Metis is Jupiter's closest moon, and is located within that planet's tenuous main ring. For this reason, it is still an object of some interest, even though its small size makes it otherwise quite unremarkable.
Jupiter possesses 63 known moons, more than any other planet in the solar system (Saturn, in second place, has 62, but all the other planets have far fewer). However, the vast majority of these - including Metis itself - are relatively small and unremarkable. Astronomers have been, for the most part, much more interested in its far larger siblings, the Galilean moons (Europa, Io, Ganymede, and Callisto). This lack of interest by astronomers is understandable: those moons have much more striking features, and Europa is even believed to have a massive underground ocean potentially capable of supporting primitive life. Metis, by contrast, is just 60 kilometres across in its widest dimension, and is too small to have been compressed into a sphere by its own gravity.
Because of its size, Metis was undiscovered until Voyager 1 passed by Jupiter in 1979, after which the newly discovered body was named after one of Zeus's wives in Greek mythology. Zeus was also known as Jove or Jupiter, in the Roman pantheon; it is this name which has been applied to the giant planet since the time of the Roman empire. Although it has subsequently been imaged by the Galileo probe, which spent years orbiting Jupiter and studying its moons, the tiny moon is still not fully understood. Its mass seems much too low even for its small size, leading astronomers to suspect that much of the moon, beneath its red rocky surface, is water ice. It has never been seen except from a great distance, but photographs suggest that the rocks on the surface of the leading hemisphere have been worn away over time by impacts, exposing the comparatively shiny ice which lies beneath.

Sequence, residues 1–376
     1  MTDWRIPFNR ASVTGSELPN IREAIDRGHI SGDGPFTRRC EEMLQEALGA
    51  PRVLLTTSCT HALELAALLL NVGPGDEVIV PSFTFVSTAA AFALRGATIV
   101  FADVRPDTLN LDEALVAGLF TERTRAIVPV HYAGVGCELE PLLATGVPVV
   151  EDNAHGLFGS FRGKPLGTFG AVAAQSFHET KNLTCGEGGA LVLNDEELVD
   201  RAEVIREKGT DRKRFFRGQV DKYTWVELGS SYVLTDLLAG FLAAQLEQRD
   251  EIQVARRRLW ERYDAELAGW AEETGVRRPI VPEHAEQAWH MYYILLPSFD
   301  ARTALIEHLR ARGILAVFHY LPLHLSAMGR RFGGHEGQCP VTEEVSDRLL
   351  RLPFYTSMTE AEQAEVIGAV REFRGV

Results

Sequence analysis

There is, however, one element to Metis which makes it more notable than the many other moons of its size which orbit Jupiter and Saturn: it is located directly within Jupiter's main planetary ring. Jupiter's rings are thin and themselves unremarkable compared to the massive disk surrounding Saturn, but are still more visible than the tenuous rings of Uranus and Neptune. Rocky material blown off the surface of Metis is believed to account for a large proportion of the dust in the ring, although some of the material would have been contributed by Jupiter's other inner moons, as well.
Like all of Jupiter's small inner moons, and Earth's own Moon, Metis is tidally locked. This means that its day and its orbital period around Jupiter last the same amount of time - in its case, about seven hours.